The app in the previous example works, but there's a subtle bug — the unsubscribe function never gets called. If the component was instantiated and destroyed many times, this would result in a memory leak.

One way to fix it would be to use the onDestroy lifecycle hook:

<script>
	import { onDestroy } from 'svelte';
	import { count } from './stores.js';
	import Incrementer from './Incrementer.svelte';
	import Decrementer from './Decrementer.svelte';
	import Resetter from './Resetter.svelte';

	let count_value;

	const unsubscribe = count.subscribe(value => {
		count_value = value;
	});

	onDestroy(unsubscribe);
</script>

<h1>The count is {count_value}</h1>

It starts to get a bit boilerplatey though, especially if your component subscribes to multiple stores. Instead, Svelte has a trick up its sleeve — you can reference a store value by prefixing the store name with $:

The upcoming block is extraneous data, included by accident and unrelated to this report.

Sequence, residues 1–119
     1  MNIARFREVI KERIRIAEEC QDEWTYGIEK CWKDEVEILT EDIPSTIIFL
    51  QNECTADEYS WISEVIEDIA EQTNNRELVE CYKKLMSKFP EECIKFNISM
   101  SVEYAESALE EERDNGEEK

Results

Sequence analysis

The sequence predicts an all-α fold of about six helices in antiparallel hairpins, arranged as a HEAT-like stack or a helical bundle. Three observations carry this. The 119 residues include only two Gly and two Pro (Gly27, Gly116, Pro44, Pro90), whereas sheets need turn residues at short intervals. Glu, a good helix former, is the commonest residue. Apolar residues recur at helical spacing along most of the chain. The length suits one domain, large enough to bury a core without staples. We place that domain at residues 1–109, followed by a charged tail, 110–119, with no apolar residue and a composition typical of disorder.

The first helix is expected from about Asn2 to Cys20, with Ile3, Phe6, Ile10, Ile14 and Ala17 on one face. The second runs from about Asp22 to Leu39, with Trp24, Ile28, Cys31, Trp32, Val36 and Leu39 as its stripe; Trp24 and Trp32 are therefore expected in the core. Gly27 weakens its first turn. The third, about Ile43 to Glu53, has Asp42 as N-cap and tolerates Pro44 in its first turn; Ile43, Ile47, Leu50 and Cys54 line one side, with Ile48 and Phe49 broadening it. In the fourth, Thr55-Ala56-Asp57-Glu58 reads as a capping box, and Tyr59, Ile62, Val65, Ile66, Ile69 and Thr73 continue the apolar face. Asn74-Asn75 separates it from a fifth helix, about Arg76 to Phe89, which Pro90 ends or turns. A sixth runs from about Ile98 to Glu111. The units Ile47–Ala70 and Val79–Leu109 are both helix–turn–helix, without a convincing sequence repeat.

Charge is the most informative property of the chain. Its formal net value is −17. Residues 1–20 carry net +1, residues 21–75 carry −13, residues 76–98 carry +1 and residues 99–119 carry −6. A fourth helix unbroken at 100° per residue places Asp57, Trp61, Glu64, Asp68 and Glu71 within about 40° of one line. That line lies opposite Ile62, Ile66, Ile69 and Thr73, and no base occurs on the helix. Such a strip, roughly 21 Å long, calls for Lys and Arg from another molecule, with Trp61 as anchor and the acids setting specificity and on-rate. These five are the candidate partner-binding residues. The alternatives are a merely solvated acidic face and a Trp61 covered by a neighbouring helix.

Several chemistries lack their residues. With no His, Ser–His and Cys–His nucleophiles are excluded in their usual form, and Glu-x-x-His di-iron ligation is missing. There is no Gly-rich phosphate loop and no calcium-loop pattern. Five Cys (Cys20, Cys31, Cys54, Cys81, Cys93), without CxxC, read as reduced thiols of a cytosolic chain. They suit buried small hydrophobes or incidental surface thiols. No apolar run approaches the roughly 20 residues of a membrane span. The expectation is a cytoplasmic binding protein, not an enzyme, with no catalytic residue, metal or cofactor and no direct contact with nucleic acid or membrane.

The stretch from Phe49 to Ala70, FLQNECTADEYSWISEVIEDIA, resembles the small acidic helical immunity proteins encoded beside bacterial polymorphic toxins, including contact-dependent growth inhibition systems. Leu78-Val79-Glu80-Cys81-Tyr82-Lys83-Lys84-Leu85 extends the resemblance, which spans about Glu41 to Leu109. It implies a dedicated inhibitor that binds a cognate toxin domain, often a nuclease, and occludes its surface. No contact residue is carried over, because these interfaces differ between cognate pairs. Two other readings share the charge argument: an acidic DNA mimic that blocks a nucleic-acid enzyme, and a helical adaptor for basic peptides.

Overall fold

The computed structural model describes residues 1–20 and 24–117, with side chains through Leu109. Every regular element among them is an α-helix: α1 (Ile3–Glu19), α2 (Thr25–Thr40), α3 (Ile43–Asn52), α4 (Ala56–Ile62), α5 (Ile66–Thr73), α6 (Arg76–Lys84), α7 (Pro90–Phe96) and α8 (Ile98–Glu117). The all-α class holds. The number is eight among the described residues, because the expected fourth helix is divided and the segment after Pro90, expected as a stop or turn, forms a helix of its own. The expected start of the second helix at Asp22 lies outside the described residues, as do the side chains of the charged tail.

<script>
	import { count } from './stores.js';
	import Incrementer from './Incrementer.svelte';
	import Decrementer from './Decrementer.svelte';
	import Resetter from './Resetter.svelte';
</script>

<h1>The count is {$count}</h1>

Auto-subscription only works with store variables that are declared (or imported) at the top-level scope of a component.

You're not limited to using $count inside the markup, either — you can use it anywhere in the <script> as well, such as in event handlers or reactive declarations.

Any name beginning with $ is assumed to refer to a store value. It's effectively a reserved character — Svelte will prevent you from declaring your own variables with a $ prefix.



			
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